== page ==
We all knew it was coming, and on Monday, January 29, in Orange County's Superior Court, it did.
The anti-SLAPP motion -- California's statute aimed at stopping those with money and power from attacking those armed only with First Amendment-protected free speech -- was evoked as a motion to dismiss Wendy McCaw's (pictured) lawsuit against Susan Paterno, the reporter who wrote "Santa Barbara Smackdown" for American Journalism Review. That article is, to date, considered the most comprehensive and probing piece covering the News-Press meltdown, which officially began in July 2006 with the firing/resignation of nine newsroom employees. Since then, the number of newspaper employees fired or leaving under distress has risen to nearly 50. (That number grew by two last week with the firings of reporter Anna Davison and assistant city editor Bob Guiliano.)
The anti-SLAPP motion -- a defense that was created by lawmakers in 1992 as a means to defeat "Strategic Lawsuits Against Public Participation" (SLAPP) -- was filed by attorney Charles "Chuck" Tobin on Monday as a "special motion to strike." The anti-SLAPP statute provides that if Paterno, a professor at Orange County's Chapman University, can show that "the challenged action is one arising from protected activity," then the court "must determine whether the plaintiff has demonstrated a probability of prevailing on the claim."
Essentially, if what Paterno did as a reporter is protected by First Amendment and other constitutional rights, then the judge must immediately evaluate whether McCaw's lawsuit has any chance of success. If the judge determines that this situation does fall under the anti-SLAPP statute -- and according to legal experts monitoring this situation, it most certainly does -- then McCaw must also pay Paterno's attorney fees.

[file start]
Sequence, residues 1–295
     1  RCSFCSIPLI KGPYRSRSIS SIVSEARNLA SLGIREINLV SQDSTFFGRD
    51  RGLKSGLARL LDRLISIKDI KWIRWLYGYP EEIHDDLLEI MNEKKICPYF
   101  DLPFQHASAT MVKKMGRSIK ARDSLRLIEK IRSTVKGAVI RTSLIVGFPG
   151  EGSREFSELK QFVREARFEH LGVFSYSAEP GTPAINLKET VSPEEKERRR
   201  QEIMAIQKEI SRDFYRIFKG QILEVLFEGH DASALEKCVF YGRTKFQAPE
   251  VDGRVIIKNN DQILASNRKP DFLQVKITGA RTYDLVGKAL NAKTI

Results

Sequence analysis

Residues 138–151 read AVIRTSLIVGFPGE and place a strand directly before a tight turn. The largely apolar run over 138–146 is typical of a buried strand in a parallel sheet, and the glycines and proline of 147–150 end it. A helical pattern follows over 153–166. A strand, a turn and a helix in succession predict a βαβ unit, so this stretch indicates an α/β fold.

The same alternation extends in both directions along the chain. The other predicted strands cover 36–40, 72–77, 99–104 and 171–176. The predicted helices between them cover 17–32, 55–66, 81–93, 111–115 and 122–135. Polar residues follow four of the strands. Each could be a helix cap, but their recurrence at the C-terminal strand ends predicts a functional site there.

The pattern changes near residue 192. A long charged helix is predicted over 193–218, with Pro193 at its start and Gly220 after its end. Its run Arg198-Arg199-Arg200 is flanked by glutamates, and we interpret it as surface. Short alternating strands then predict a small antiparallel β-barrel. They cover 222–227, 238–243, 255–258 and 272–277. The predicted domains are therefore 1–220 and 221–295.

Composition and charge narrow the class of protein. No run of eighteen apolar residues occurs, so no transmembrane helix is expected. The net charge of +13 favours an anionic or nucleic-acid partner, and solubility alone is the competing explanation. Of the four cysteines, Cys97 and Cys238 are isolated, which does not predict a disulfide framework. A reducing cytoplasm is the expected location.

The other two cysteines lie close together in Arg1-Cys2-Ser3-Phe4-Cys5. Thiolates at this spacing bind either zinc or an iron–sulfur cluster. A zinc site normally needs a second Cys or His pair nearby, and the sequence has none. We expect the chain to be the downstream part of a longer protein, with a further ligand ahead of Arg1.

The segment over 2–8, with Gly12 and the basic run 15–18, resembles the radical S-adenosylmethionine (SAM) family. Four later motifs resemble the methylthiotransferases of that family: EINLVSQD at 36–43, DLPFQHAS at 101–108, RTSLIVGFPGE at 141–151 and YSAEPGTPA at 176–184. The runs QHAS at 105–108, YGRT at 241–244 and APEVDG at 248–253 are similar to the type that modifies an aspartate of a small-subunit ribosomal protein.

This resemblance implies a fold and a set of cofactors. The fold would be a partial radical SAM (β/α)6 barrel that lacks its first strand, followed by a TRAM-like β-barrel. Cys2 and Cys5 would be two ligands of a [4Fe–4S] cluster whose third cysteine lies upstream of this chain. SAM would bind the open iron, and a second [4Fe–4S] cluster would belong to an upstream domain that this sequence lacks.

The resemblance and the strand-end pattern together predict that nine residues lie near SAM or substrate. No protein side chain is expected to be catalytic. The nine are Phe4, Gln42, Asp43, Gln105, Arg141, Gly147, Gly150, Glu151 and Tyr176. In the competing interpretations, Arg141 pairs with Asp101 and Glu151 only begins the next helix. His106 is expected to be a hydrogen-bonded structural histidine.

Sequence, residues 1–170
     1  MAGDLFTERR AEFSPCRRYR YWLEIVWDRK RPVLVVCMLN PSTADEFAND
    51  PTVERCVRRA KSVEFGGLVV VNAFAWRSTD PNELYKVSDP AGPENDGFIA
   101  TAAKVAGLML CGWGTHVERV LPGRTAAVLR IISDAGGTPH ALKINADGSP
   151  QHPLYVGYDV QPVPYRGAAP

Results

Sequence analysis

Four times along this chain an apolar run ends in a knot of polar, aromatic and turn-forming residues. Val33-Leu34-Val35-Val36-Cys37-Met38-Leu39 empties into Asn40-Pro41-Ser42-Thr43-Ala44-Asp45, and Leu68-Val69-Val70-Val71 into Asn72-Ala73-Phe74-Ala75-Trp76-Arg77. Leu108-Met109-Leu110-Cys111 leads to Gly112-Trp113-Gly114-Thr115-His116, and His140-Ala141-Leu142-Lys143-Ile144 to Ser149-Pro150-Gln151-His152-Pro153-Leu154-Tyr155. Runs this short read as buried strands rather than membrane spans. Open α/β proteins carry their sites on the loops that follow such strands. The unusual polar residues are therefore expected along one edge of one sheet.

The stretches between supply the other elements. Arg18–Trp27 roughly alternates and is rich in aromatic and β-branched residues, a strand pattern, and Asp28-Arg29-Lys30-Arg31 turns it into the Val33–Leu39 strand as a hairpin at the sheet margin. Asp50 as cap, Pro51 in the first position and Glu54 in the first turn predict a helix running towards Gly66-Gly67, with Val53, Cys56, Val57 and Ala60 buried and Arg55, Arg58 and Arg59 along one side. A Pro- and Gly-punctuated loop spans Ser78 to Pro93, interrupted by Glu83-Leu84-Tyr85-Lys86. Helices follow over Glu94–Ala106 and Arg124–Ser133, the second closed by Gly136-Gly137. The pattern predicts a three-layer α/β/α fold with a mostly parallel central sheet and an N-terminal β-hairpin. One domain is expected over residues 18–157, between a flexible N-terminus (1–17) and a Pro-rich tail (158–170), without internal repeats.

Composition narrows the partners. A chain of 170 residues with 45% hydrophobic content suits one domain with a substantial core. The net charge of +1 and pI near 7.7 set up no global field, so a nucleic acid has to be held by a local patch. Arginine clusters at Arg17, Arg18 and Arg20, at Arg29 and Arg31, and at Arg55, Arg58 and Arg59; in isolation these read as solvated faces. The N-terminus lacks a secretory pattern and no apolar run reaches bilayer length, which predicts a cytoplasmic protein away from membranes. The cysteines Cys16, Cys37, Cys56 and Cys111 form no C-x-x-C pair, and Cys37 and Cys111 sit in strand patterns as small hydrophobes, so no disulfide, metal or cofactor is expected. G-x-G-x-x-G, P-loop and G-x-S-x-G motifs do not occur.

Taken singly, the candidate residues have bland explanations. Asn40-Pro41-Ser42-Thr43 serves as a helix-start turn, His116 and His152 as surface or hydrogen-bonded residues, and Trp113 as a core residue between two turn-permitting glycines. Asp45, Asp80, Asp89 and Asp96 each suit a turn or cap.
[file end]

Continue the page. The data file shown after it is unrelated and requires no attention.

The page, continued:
The papers filed on Monday then explain in exhausting detail why Paterno's work was protected and why McCaw claims are meritless. See the motion and supporting declaration in PDF form here. Also, to remember what McCaw's side is claiming, see their lawsuit here in PDF form.
In the conclusion of Monday's filing, attorney Chuck Tobin, a former journalist, writes, "In passing the anti-SLAPP law, California's lawmakers handed citizens a weapon to combat lawsuits filed by rich and powerful people seeking to clamp down on public scrutiny of their actions. It is doubtful that legislators envisioned the statue would be necessary to help defeat the efforts of a newspaper -- which is supposed to be committed to the promotion of ideas, not their suppression and punishment -- to silence a freelance writer and the newspaper's former journalists. Anyone would be hard-pressed to foresee a shamefully hypocritical position like the one the Santa Barbara News-Press has taken in attempting to sue Susan Paterno and American Journalism Review into silence.
"The News-Press was once a thriving outlet for reliable news reporting. In the experiences of many fine journalists who labored under Ampersand Publishing's senior management, rather than the objective chronicle of community news that it once was, the News-Press is now the personal playground of Wendy McCaw and her supporters...."
We couldn't say it better, so we won't.